Brick Accents 2 - Patios Brick Accents 2 - Patios
An important factor in your enjoyment of the patio will be sitting. The patio must be kept drained and dry to prevent algae growth. You will need to provide enough slope (about 1/4 inch per foot) to allow for proper drainage. If you are bricking over a concrete slab patio which has insufficient slope, this problem can be corrected with a leveling bed of mortar. A sunny location also helps keep the patio dry.
Concrete slabs for outdoor use are normally poured about 4 inches thick over an equally thick base of gravel. Place welded wire mesh (6" x 6", 10 x 10 gauge is recommended) over the gravel to strengthen the concrete slab against cracking as temperature changes occur. Use 2 x 4s for forming material properly set with stakes and props so that the wet concrete won't push them outward. The top of the 2 x 4s should be set to the desired grade with the 2 inch or 4 inch hand level to establish the slope of the slab. Finish the concrete with a rough wooden float to achieve a coarse texture to which the mortar bed can bond well.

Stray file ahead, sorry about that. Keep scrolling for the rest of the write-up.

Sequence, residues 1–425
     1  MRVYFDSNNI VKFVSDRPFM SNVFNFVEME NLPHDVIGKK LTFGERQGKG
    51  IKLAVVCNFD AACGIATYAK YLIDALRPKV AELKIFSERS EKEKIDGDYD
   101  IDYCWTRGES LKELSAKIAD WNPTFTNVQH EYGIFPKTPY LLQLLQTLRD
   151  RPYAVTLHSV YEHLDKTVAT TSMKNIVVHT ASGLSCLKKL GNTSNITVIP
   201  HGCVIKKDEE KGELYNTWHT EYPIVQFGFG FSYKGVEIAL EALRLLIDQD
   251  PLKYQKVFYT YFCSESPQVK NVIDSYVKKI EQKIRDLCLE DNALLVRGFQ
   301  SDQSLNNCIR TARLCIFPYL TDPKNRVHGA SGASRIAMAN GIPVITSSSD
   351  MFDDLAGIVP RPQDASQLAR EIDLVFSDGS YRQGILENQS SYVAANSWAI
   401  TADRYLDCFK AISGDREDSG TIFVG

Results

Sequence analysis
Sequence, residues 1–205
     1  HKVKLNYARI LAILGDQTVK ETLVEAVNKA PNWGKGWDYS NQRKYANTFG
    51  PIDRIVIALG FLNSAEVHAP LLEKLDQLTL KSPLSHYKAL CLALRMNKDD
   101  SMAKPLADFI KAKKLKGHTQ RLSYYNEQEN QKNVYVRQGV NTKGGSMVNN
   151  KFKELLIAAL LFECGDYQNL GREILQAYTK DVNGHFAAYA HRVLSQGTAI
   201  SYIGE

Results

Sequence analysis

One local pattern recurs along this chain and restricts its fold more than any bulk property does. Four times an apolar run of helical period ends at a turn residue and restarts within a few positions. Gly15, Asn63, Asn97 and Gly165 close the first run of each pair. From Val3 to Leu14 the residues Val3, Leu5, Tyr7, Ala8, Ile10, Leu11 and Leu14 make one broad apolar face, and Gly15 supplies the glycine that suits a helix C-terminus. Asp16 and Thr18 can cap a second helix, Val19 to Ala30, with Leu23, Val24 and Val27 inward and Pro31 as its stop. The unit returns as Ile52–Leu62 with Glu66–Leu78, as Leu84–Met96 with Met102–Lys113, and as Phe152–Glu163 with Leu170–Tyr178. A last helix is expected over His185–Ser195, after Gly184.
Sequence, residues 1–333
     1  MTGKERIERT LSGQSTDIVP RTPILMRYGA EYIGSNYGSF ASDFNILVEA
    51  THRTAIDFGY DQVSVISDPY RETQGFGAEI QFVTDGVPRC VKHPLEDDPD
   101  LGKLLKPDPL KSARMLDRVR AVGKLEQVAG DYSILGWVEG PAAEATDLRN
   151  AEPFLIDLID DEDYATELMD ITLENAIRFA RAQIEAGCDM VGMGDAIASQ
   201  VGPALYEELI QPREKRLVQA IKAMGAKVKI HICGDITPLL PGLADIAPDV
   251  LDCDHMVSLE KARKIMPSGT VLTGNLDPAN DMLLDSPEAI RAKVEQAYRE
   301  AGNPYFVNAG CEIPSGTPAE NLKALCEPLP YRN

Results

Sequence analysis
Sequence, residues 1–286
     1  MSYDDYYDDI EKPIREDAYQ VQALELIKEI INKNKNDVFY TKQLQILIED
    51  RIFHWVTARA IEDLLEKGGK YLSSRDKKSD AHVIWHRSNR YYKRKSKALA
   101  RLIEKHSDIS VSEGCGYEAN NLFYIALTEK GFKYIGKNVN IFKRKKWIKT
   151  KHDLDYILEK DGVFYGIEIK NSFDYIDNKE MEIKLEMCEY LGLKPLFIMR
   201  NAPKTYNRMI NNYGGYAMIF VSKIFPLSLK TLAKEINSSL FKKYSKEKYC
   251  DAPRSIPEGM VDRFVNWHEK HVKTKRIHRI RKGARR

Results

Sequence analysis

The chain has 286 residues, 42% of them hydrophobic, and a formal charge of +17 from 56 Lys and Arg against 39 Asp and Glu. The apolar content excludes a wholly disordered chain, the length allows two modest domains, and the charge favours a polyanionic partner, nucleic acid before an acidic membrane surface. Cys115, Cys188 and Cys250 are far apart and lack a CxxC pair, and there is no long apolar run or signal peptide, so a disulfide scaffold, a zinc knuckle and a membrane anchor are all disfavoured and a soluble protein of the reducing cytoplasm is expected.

Before you begin to lay the brick, check the slope of the concrete slab and set the string line and string level to adjust for good drainage. It's a good idea to perform a "dry run" first - lay the brick alone, without the mortar, on the slab. Allow for 1/2 inch to 3/8 inch mortar joints between the brick, depending on the size of the brick units. At this point you will see whether or not any individual brick must be cut. With practice, you will be able to cut the brick units after laying them, but in the beginning it is better to have a few already cut and on hand before the mortar is mixed.
Lay the brick in a 1/2 inch mortar bed, using shoved joints. When the brick is in place and the mortar is "thumbprint" hard, press each joint to compact it with a mason's pointing tool.
Wet the patio down with a light spray from a garden hose (a pressured spray will harm the mortar joints). This will loosen mortar crumbs and allow the masonry to cure properly. If the patio still doesn't look clean, sprinkle sand on any mortar smears that remain and sweep it away gently with a broom, taking care not to dig into the mortar joints.
If the mortar smears still remain, wait a week (until the masonry cures) and clean with a solution of one part muriatic acid to nine parts water, mixed in a plastic bucket. Wear rubber gloves and protective clothing when you handle this solution. Wet the patio first to keep the acid solution from soaking thoroughly, and flush completely with a pressure spray from your garden hose.
Courtesy of the Brick Institute of America